Whose Man Are You?
It started out as a joke. An insult.
“Whose man is this?”
“Who is responsible for this mess of a man?”
I don’t think I’ve laughed as hard as I laughed that night in a very long time. The same joke in endless variation, all night long, with all kinds of confused and archaic grammar.
“Whose man are you?
“Whose mans are we?”
“Whose phones are we?”
Good jokes are funny because there is truth in them.
I was hanging out with a handful of friends at Waldgang, meditating on the nature of Lord Ingwaz, or Freyr, or *Fraujaz, depending on which name you like best. He’s associated with nature and fertility, and the tendency with *Fraujaz is to focus on agricultural and seasonal cycles. However, Freyr — whose name means “lord” — is also associated with lordship and leadership in this world. My mind eventually turned to the concepts of lordship and leadership and fealty and “belonging.”
“Whose man are you?,” is a crisis of modernity. Everyone wants to belong and to fit in somewhere — to find an anchor and a place and an identity. Men seek out groups of men to help them locate themselves in the universe, because that is the way we have always survived. It is in our nature to do so.
The Way of Men is the Way of the Gang.
We feel more comfortable and less vulnerable and more at home in the world if we have some kind of close-knit group — some sense of brotherhood.
Where there is a need, there is a market, and opportunists looking to exploit it.
If the monkey wants a banana badly enough, it’s easy to make him dance.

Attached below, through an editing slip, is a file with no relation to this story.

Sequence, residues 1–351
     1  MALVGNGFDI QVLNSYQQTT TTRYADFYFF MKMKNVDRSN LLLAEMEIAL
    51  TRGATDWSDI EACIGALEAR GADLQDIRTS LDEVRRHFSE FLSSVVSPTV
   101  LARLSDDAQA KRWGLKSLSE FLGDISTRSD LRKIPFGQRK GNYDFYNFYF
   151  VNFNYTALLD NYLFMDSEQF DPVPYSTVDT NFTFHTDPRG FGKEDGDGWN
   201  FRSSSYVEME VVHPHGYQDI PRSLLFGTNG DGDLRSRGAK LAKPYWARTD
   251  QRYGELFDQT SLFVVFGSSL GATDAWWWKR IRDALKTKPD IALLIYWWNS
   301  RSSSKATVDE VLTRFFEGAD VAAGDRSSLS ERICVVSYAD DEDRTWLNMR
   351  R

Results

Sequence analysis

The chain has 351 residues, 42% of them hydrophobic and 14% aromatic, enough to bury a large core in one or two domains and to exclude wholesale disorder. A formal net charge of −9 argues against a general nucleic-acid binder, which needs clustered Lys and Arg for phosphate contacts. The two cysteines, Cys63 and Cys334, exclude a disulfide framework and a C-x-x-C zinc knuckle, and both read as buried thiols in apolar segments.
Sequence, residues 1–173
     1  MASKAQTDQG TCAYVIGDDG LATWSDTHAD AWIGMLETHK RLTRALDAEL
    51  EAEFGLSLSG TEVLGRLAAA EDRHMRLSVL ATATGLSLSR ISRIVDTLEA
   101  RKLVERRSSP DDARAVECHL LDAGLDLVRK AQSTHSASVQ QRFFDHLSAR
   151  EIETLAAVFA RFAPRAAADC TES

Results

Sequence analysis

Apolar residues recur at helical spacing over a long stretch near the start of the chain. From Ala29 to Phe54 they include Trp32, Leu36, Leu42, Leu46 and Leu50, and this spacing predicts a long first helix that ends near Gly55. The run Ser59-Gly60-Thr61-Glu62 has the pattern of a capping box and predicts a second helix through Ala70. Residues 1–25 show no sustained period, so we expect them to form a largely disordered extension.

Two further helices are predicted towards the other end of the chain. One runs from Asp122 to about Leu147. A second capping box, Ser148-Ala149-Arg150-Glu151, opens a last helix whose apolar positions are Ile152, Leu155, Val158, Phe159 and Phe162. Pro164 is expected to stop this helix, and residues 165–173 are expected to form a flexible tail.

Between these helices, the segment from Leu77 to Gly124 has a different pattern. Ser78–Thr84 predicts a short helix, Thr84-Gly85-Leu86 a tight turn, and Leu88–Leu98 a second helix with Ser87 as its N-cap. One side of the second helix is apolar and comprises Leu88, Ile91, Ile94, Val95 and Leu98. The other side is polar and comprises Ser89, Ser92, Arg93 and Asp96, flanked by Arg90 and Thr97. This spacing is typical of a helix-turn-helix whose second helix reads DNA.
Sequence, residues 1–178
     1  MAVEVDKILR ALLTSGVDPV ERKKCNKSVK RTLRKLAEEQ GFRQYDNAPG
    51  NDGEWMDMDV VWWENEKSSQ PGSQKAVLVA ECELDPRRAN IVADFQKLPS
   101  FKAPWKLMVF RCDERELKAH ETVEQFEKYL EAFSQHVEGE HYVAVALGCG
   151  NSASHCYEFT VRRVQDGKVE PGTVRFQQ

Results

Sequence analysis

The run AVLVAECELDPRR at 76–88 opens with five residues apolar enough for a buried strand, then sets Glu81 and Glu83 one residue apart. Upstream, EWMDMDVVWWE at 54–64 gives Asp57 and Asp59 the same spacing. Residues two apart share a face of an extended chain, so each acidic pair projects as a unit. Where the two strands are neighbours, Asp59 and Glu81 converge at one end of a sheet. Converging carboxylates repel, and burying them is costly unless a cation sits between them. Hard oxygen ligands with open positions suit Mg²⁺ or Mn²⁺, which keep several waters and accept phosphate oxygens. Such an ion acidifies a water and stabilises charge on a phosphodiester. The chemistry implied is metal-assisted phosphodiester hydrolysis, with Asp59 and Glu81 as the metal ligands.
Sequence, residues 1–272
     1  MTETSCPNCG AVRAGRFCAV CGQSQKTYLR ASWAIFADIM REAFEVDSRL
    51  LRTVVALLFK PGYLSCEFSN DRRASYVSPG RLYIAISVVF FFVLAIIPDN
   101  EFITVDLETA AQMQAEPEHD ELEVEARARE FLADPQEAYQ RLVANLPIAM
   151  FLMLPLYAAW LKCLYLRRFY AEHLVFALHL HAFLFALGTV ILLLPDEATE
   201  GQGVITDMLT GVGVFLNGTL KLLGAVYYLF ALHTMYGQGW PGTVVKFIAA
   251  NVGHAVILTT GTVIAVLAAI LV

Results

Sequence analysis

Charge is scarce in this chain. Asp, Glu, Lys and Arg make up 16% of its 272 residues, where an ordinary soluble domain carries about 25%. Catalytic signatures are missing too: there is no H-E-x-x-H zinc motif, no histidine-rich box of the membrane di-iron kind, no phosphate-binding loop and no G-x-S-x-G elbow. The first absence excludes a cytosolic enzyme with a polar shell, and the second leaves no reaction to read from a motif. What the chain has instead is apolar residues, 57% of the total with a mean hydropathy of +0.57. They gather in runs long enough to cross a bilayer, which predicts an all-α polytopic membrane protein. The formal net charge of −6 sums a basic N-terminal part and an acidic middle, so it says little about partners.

Brotherhood is a banana that every man wants.
Sometimes it develops organically. This is probably the best and most truthful kind of brotherhood. Friendships develop over time and are tested by life, and you demand more of each other and make each other better and hold each other accountable, and eventually there is a loyalty there that you’re not willing to compromise. Those men become part of who you are. This is an informal honor group.
Often, brotherhood is created artificially by institutions — the military, fraternal orders, gangs, clubs and so forth. A social technology has been developed, and if you observe how this is done and have the audacity to use that technology, you can indoctrinate and test and initiate men who are looking for belonging into a formal brotherhood — a formal honor group.
Formal brotherhoods are often fealties disguised as brotherhoods. Most people want to be told what to do. It’s not even fair to stigmatize that, because it is a human norm.
Even the most self-aware followers are attached to the romance of self-determination. One of the best ways to manipulate people is to convince them that your idea was actually their idea. Pretenses of democracy and collectivism are flattering, ego-affirming fictions.
“Whose man are you?”
“We are our own men. We belong to each other.”
“Nah. That charismatic guy out in front, the leader, the one who you are copying and who you want to impress so desperately — you’re HIS men.”
That is probably a hard pill to swallow.
But there is something more honest about fealty than there is about most organizations that call themselves “brotherhoods.”
Some guy messaged me recently, telling me I should join this group he was affiliated with. It was probably a criminal organization, though it was never named. He was really excited about it.